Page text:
UNCTAD is a United Nations organization that once aimed to be an alternative negotiating forum to the General Agreement on Tariffs and Trade (GATT), and that would — if its founders had their way — be where the North and South negotiated the terms of a “new international economic order” (NIEO). Key elements of that proposed order included commodity agreements that guaranteed high prices for developing countries’ raw materials, import protection for these countries’ infant industries, and open access to the industrialized countries markets’ for their manufactured exports. Few of these proposals gained much traction, apart from creation of the Generalized System of Preferences (GSP) in the early 1970s; that concession to developing country demands required modification of GATT rules. The grand aspirations for an UNCTAD-led NIEO gave way to more modest and pro-market goals in the 1980s and 1990s, when many developing countries accepted the “Washington consensus” in favor of trade liberalization.

        The relationship between UNCTAD and the WTO is now much more complementary than it had been in past decades, though relations between the two institutions remain complex. That complementarity is partly the result of much closer composition in their memberships. In the 1960s and 1970, most developing countries were not in GATT and the few that had joined confined their participation to demands for exemptions, special and differential treatment, and less than full reciprocity (i.e., few or no concessions on their part). The agreements negotiated in the Kennedy (1962-1967) and Tokyo (1972-1979) rounds were not part of a single undertaking, and thus not binding on the countries that opted not to sign them. That made it easy to think of the GATT as the place where industrialized countries negotiated among themselves but UNCTAD as the place where they negotiated with developing countries. The differences in membership narrowed in the ensuing decades, however, when numerous developing countries acceded to GATT and (after 1994) to the WTO. Following the accessions of large economies such as Mexico (1985), China (2001), Saudi Arabia (2005), Vietnam (2007), and Russia (pending), nearly every country in the world — apart from a few marginal or micro-economies and radical regimes such as North Korea — is either a WTO member or is currently in the process of accession.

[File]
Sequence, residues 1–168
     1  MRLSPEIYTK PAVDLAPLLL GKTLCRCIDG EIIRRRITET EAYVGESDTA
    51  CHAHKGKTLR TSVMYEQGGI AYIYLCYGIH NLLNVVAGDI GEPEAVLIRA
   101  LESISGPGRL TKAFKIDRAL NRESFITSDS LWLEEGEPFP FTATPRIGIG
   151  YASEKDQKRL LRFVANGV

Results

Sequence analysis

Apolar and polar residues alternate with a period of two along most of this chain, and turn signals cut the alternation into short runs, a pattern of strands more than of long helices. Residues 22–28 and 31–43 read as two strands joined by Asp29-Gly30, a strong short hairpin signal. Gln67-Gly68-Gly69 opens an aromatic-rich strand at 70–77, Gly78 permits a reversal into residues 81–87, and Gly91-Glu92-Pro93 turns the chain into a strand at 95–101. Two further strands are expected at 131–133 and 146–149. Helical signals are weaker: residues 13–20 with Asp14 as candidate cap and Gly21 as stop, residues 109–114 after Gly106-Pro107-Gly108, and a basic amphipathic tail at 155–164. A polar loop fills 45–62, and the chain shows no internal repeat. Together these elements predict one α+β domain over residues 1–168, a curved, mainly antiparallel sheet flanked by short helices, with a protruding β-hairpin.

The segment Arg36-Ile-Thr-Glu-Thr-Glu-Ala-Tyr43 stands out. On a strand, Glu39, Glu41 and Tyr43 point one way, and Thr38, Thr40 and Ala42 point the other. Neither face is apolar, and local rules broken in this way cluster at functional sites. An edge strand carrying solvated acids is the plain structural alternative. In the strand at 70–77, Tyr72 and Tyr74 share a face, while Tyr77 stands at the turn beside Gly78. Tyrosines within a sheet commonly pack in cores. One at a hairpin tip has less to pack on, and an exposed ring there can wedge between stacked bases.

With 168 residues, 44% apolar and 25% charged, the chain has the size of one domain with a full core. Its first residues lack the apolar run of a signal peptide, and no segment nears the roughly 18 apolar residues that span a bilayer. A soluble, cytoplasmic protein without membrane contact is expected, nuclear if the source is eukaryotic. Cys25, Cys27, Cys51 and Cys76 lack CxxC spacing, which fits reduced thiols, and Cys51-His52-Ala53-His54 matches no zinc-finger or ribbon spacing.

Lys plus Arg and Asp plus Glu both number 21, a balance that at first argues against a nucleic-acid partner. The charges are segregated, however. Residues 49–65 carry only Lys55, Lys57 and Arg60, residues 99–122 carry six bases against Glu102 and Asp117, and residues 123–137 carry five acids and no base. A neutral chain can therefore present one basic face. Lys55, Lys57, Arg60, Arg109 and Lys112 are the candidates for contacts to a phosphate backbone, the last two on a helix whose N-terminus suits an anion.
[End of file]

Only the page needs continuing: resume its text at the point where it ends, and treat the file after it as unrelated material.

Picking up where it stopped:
No longer a forum for the negotiation of substantive initiatives such as the GSP, UNCTAD’s chief functions today fall within the “three pillars” of technical assistance to developing countries, research and analysis, and consensus-building. Two of these pillars were especially controversial in Doha, with member countries divided over the range of issues on which UNCTAD should conduct its research and analysis and, in the process, they showed how elusive consensus remains among themselves.

        UNCTAD and the WTO now cooperate in several ways. One is their joint sponsorship of the International Trade Centre, a Geneva institution that provides assistance to policymakers and exporters in developing countries. Much of UNCTAD’s technical assistance is complementary to WTO initiatives, such as aiding countries in their WTO accessions and in the negotiation and implementation of their commitments. Most of the diplomats who represent their countries in the WTO do double-duty, also being accredited to UNCTAD and other U.N. agencies in Geneva (thought his is not the practice for the United States and several other industrialized countries). Top officials also have a good working relationship. WTO Director General Pascal Lamy was a very active participant in UNCTAD XIII, and UNCTAD Secretary General Supachai Panitchpakdi had been Lamy’s predecessor at the WTO.